In what seems to be a blatant violation of Sturgeon's Law, most of the answers on StackOverflow are clear, thoughtful, polite and accurate.
This may be largely due to the self-correcting nature of StackOverflow's voting system, which encourages us to review, comment, and edit each other's answers. So, in general, our combined expertise and desire to
inflict share our knowledge forces "good" answers to percolate upward and opens "not-so-good" answers to discussion and correction.
However, I've found that an unsettling number of the answers to technical questions—including "accepted" answers with a large number of upvotes—are simply incorrect. What's more alarming to me is that, despite their technical nature, many of these answers can be checked simply by cutting and pasting them into a command line.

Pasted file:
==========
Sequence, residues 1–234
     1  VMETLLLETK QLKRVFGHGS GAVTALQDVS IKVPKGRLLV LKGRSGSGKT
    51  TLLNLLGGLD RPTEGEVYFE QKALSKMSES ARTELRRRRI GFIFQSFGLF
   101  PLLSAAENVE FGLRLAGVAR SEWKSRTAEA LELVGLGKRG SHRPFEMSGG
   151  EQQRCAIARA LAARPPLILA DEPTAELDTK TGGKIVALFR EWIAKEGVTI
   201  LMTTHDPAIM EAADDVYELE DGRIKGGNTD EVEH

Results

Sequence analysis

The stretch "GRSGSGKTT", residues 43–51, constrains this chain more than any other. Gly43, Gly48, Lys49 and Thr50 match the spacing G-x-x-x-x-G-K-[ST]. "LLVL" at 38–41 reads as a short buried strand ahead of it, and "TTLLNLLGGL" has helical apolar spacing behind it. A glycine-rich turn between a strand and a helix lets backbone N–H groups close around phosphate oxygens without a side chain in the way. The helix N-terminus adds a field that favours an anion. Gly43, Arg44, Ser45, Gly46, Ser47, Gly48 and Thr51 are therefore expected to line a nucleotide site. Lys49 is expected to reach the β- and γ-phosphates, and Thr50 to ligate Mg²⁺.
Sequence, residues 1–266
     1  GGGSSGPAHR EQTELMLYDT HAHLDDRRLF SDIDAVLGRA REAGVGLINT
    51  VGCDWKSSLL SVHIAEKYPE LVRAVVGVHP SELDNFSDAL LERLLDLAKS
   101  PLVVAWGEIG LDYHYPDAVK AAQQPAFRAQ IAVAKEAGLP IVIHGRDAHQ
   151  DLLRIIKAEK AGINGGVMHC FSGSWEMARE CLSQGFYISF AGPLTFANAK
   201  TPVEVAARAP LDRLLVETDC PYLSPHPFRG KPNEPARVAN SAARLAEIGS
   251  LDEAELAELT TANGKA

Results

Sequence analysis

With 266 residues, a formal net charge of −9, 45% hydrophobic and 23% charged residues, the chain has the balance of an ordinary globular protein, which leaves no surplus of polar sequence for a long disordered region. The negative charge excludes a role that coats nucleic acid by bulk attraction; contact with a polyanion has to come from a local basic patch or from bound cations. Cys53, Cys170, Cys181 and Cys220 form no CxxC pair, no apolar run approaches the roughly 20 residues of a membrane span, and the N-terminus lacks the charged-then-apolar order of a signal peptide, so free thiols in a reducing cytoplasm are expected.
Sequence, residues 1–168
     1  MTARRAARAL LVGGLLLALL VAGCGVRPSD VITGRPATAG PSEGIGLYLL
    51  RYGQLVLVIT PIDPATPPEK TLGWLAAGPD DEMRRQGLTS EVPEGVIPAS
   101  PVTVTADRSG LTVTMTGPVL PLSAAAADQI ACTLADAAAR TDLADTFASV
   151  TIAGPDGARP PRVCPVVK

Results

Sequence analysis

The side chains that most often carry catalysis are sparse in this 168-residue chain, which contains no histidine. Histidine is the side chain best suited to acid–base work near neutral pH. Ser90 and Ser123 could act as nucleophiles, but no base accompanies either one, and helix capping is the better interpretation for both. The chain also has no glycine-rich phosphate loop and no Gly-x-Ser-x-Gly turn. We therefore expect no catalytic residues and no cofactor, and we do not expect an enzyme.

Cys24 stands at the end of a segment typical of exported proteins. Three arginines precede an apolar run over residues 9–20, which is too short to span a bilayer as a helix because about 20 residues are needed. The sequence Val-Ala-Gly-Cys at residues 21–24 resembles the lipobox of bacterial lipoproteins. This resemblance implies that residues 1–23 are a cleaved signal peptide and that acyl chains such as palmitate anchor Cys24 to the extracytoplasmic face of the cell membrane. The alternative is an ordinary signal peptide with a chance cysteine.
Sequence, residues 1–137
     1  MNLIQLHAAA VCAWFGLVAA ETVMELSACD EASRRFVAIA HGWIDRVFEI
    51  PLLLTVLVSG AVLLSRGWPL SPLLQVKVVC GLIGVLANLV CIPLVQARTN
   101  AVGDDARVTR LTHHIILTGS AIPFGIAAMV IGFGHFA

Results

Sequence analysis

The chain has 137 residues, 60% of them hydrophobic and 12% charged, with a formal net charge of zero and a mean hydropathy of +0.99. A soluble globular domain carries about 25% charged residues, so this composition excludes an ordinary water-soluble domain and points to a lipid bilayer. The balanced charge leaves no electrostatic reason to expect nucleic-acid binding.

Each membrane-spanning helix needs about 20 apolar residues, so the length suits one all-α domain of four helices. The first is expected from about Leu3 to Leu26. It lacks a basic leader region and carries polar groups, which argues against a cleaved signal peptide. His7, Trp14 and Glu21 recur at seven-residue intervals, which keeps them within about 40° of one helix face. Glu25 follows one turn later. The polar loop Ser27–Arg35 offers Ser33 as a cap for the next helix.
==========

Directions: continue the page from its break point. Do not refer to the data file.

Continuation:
With this in mind, I'm interested to know:
What criteria do you apply before deciding to up-vote an answer?
- Accuracy: Do you actually check it?
- The "James Earl Jones" effect: Does it just need to "sound" right?
- Peer pressure: Everyone else thinks it's good, so it must be right.
What "pushes you over the edge" from liking an answer to actually voting for it?
Meta-question: is there a common term for what I've called the James Earl Jones effect: the tendency to forgo your normal verification process and accept something that sounds right? A quick search returned nothing; however this could arguably be called the Avery Brooks effect, the Obama effect, or the Why I Still Like to Wake up Next to my Spouse effect. :-)